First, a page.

I'm always a fan of more info, so I would probably start a thread, but I'll answer you if I can find time in between nursing.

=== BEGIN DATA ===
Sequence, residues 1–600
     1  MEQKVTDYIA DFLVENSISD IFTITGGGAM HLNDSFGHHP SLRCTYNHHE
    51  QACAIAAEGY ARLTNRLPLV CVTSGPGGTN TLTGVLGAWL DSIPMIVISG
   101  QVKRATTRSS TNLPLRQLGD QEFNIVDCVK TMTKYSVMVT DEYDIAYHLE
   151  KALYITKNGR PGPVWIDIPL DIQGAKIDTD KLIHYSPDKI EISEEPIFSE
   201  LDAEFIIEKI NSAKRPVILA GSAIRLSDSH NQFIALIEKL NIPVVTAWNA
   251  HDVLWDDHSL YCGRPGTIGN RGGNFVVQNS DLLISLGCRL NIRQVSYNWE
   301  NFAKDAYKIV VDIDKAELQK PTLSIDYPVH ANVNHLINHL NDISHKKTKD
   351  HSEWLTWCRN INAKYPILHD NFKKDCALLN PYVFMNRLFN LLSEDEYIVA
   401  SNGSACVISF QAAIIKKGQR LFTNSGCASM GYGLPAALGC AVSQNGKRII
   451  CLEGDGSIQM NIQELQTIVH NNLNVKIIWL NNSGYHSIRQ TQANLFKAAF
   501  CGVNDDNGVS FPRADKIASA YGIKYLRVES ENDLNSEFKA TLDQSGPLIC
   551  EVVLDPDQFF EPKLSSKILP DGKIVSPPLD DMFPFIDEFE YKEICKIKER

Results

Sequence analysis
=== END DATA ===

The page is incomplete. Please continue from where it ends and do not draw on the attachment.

Starting out, breastfeeding was very difficult and basically didn't work at all. My labor was very hard, possibly because of the induction, so I got morphine. It was quite a while before I gave birth, though - maybe 8 hours? I would have to ask my husband, but it was a long time. Raven wasn't too sleepy right away, she stayed alert and at least tried to nurse when they put her on my chest. They also gave me fentayl while I was getting stitched up (also an opiate). And the doctor gave me codeine for a cough I had so that I wouldn't cough in my sleep and rip my stitches out. I didn't realize it was an opiate too, or I probably wouldn't have taken it. I have one flat nipple and one nearly flat nipple, and she didn't manage to latch on at all really for the first few days . . . and I was so exhausted and out-of-it that I didn't realize she wasn't getting anything. She would latch on (poorly), suck a few times, then fall asleep. Jaundice might have had something to do with it too, she was jaundiced and that apparently makes babies sleepy. So she didn't really get anything, not even colostrum, for a couple of days. She lost a pound in the first three days, from 8lb 2oz to 7lb 2oz. The third night she cried nearly all night (because she was hungry) but would fall asleep as soon as she latched on (because she was sleepy). In the morning she was clearly dehydrated, even to my exhaustion-addled brain, and I was very worried about her. We went back to the hospital and got her weight checked (that's how we know she lost a pound), got her bilirubin checked because it had been borderline too high when we left the previous day, and asked about her being dehydrated. I was out trying to sleep in the truck when the nurse gave my mom a bottle to give her, but I came in just as she was starting to eat it. I wasn't really keen on her getting a bottle specifically, since we were having latching troubles, but she clearly needed some sort of sustenance, so I was glad they gave her formula.